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I ended up in emergency twice with severe stomach pains (actually, lower abdominal, which probably caused confusion among the medical profession) in mid Jan. 2010. Prior to that I had had intermittent pressure in my stomach (not bloating) for almost 3 months, which became severe and more constant in mid-Dec. 2009. I was just getting my act together to see my doctor when I landed in emergency. No answers came from those two visits (they did CT, blood-work and ultrasound), and in between the last ER visit and when I followed up with my family doctor a week later, I did some research on my own, and several signs pointed to possible celiac. Talked to my doctor, who then sent me for the antibody blood test, which came back "high probable for celiac". I was then sent to a GI specialist for confirmatory biopsy, which came back "highly positive". I was diagnosed via the biopsy in the 2nd week of Feb..


Life throws us curve-balls sometimes, but if we didn't have challenges we would become too complacent and forget to respect the value of life itself.

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For those of us who went years undiagnosed, it is heartwarming to hear a story of from first symptoms to diagnosis in a mere seven months! :unsure::) Maybe things really are getting better!


Neroli

"Everything that can be counted does not necessarily count; everything that counts cannot necessarily be counted." - Albert Einstein

"Life is not weathering the storm; it is learning to dance in the rain"

"Whatever the question, the answer is always chocolate." Nigella Lawson

------------

Caffeine free 1973

Lactose free 1990

(Mis)diagnosed IBS, fibromyalgia '80's and '90's

Diagnosed psoriatic arthritis 2004

Self-diagnosed gluten intolerant, gluten-free Nov. 2007

Soy free March 2008

Nightshade free Feb 2009

Citric acid free June 2009

Potato starch free July 2009

(Totally) corn free Nov. 2009

Legume free March 2010

Now tolerant of lactose

Celiac.com - Celiac Disease Board Moderator

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My boss, who's an MD, suggested 'wheat' to me. I researched gluten and wheat, stopped eating it, and never looked back.


"But then, in all honesty, if scientists don't play god, who will?"

- James Watson

My sources are unreliable, but their information is fascinating.

- Ashleigh Brilliant

Leap, and the net will appear.

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"Nervous stomach", occasional fainting as a child. Teen years symptom free, in my late 20's after my second child was born, began having panic attacks, anemia, and nausea. Late 2003, had the flu and was never the same--developed chronic diarrhea, persistent anemia despite treatment, tingling/numbness/"burning", depression, anxiety, headaches, severe fatigue, and weight loss.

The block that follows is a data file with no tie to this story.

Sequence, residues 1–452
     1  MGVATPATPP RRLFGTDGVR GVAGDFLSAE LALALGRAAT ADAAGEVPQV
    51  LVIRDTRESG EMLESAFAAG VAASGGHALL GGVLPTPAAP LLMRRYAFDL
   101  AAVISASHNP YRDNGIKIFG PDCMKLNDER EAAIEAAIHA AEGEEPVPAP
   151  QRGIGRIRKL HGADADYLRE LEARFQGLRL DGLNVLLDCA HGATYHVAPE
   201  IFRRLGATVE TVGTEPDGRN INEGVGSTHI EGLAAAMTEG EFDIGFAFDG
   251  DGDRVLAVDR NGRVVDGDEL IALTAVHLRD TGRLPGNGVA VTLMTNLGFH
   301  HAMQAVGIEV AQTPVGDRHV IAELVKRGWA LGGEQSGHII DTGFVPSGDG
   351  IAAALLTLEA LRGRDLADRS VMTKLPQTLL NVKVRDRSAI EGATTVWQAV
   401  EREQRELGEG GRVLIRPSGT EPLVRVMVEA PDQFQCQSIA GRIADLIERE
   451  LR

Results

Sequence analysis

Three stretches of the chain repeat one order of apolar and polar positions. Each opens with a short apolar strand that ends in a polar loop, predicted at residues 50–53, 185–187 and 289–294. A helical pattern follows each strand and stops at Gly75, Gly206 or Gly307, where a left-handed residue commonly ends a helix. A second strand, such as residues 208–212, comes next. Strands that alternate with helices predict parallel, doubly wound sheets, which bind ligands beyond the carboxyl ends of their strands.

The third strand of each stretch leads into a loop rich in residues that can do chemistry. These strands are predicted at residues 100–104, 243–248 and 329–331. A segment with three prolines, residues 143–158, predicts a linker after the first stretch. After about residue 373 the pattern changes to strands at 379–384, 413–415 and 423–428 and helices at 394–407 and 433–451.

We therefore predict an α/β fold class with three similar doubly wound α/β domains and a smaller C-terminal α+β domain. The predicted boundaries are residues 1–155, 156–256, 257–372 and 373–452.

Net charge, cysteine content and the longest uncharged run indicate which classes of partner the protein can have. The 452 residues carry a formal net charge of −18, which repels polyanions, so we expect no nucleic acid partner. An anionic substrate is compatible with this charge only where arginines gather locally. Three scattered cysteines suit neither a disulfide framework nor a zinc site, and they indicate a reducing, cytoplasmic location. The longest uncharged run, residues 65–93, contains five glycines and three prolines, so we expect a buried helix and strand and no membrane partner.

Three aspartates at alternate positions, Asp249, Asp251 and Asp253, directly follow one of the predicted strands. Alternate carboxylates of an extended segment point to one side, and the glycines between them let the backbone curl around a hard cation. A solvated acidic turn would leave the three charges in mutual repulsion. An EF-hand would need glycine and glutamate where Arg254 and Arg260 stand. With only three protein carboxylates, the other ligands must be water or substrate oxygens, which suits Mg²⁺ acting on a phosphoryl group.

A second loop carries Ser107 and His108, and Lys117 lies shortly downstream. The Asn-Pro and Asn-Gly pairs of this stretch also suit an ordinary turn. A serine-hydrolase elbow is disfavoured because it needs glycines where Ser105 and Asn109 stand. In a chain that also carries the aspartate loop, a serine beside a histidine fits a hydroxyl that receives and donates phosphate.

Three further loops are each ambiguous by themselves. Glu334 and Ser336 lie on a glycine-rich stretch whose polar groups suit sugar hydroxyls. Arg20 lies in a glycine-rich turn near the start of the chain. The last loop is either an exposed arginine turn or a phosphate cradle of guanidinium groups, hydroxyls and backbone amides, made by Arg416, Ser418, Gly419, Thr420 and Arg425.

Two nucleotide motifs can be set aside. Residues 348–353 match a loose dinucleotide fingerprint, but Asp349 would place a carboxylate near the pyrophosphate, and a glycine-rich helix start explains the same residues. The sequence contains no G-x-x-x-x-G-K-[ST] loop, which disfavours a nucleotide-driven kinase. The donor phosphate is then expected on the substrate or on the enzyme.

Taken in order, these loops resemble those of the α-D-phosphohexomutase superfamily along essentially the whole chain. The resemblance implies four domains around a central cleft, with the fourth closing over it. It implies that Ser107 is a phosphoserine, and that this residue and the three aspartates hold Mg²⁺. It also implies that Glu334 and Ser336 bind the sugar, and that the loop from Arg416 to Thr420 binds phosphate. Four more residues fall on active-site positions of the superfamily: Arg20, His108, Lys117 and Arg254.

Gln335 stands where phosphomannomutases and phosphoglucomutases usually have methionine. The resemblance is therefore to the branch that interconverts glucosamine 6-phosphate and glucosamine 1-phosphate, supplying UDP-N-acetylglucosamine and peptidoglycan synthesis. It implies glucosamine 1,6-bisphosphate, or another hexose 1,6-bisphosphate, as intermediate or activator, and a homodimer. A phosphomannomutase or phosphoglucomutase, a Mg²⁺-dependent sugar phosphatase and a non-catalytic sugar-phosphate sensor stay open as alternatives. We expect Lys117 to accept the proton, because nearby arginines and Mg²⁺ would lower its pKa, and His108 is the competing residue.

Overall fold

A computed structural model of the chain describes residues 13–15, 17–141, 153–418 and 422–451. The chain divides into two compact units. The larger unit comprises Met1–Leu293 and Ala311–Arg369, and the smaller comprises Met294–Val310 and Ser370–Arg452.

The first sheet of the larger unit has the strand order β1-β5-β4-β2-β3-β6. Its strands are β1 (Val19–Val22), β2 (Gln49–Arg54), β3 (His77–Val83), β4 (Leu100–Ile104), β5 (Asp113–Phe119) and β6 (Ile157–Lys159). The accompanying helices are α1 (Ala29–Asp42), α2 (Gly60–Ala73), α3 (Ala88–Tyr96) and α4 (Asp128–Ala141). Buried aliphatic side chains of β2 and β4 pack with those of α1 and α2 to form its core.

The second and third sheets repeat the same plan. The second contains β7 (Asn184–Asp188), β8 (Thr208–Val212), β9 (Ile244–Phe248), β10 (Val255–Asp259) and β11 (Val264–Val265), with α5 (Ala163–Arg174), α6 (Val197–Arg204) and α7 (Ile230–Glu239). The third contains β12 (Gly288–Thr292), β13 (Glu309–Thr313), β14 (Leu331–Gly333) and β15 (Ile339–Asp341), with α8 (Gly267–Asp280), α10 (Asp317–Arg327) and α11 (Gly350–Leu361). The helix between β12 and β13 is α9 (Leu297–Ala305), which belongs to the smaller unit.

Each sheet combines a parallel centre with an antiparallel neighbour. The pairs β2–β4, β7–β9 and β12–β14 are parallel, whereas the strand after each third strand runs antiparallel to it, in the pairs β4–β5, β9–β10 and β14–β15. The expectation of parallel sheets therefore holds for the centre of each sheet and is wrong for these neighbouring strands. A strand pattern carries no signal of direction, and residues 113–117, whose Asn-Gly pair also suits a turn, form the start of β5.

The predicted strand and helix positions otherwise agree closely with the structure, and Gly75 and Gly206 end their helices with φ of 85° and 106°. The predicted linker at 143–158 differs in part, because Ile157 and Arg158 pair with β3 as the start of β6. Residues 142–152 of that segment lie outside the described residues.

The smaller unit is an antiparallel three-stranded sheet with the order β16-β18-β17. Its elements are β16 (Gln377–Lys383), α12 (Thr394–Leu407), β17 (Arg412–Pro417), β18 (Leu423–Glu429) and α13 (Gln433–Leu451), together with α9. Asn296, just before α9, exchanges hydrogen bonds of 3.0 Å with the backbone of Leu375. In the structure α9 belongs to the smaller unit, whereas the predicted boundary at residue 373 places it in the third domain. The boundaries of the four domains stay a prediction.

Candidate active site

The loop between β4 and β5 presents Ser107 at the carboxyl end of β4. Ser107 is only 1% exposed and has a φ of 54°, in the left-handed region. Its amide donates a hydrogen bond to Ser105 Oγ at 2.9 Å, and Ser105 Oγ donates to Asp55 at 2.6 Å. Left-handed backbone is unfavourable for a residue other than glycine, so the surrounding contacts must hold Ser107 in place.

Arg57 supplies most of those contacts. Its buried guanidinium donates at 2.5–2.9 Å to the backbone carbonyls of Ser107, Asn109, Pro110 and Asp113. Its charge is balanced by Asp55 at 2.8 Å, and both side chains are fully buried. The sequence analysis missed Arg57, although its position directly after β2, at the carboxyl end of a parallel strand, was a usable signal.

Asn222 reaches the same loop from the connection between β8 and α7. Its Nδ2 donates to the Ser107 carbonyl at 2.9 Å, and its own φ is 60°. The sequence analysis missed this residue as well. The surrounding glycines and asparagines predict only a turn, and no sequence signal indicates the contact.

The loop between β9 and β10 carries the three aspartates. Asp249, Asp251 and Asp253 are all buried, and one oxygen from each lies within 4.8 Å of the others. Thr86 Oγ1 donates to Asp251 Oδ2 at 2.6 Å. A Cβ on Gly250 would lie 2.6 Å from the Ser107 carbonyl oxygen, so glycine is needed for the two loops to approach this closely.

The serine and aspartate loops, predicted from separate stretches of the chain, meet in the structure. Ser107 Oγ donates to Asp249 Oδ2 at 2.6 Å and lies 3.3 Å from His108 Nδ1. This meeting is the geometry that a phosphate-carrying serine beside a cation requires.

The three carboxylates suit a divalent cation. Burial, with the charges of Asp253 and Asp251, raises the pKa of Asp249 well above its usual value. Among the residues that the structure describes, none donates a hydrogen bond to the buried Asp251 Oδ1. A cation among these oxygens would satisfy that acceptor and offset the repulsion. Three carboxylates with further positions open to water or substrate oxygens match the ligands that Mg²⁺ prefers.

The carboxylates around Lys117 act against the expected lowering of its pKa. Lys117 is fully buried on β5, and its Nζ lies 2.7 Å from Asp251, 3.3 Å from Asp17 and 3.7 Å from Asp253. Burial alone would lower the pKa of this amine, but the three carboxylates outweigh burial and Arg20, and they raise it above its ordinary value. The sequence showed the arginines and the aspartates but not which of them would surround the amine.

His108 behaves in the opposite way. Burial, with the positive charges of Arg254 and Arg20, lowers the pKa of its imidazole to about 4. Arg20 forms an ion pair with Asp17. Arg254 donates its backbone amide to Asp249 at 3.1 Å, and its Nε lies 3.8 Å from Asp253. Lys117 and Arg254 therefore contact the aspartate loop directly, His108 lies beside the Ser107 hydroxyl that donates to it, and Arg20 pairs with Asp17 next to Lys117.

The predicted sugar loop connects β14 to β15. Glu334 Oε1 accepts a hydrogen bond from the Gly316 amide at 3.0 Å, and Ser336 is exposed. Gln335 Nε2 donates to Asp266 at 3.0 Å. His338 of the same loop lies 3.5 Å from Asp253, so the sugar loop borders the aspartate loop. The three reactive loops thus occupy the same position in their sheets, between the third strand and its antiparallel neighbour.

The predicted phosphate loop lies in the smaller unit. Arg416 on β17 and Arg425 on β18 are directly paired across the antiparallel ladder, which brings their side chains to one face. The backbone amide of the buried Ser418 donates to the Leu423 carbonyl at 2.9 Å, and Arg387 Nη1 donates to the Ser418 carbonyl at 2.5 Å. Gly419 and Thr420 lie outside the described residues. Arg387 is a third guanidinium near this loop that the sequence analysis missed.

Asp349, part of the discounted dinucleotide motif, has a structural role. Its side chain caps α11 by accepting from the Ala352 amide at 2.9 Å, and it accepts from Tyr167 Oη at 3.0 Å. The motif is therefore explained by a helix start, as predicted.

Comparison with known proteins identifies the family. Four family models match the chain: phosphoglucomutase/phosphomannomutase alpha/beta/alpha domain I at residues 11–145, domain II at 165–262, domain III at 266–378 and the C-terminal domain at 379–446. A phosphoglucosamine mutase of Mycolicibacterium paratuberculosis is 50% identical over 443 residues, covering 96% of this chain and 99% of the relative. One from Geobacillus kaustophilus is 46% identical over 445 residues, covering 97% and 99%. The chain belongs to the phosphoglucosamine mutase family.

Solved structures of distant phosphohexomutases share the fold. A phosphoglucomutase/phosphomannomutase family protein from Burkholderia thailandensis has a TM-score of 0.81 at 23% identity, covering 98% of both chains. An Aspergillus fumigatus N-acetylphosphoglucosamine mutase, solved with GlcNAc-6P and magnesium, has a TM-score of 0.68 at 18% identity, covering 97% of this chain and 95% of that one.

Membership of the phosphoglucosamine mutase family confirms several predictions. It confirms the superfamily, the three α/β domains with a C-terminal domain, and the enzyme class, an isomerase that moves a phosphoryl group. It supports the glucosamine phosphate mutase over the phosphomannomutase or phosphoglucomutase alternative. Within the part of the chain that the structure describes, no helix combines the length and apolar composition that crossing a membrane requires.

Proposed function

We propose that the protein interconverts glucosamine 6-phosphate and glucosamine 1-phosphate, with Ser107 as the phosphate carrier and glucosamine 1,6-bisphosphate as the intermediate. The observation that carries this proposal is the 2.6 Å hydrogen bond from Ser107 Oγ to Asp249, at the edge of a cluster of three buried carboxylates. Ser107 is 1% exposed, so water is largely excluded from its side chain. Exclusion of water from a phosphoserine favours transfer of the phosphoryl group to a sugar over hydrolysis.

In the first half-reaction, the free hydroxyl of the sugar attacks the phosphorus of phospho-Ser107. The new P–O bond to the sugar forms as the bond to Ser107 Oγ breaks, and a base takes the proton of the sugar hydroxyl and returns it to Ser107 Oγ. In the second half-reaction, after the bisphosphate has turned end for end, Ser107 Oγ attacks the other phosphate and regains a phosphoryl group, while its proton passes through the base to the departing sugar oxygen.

Family doctor was clueless--did blood and stool testing and said "possibly Chron's Disease". I read an article about Celiac Disease by chance and immediately asked for a referral to a gastroenterologist. He scheduled a biopsy (did not do the Celiac bloodwork). He could see damage with his eye, and sent me home that day with instructions to begin the gluten-free (and lactose free) diet. That was June 2005--I was 49.


Patti

"Life is what happens while you're busy making other plans"

"When people show you who they are, believe them"--Maya Angelou

"Bloom where you are planted"--Bev

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For those of us who went years undiagnosed, it is heartwarming to hear a story of from first symptoms to diagnosis in a mere seven months! :unsure::) Maybe things really are getting better!

I've read posts and have seen the bios of several of those on this board, and have noted how many have gone years before being diagnosed, and consequently have suffered from associated conditions. I feel very thankful I was diagnosed quickly. Doesn't matter much now, but I do wonder how long I, too, would have been undiagnosed if I hadn't done my research and hadn't specifically said to my doctor: 'My symptoms might be suggesting celiac. Can we check this out?'


Life throws us curve-balls sometimes, but if we didn't have challenges we would become too complacent and forget to respect the value of life itself.

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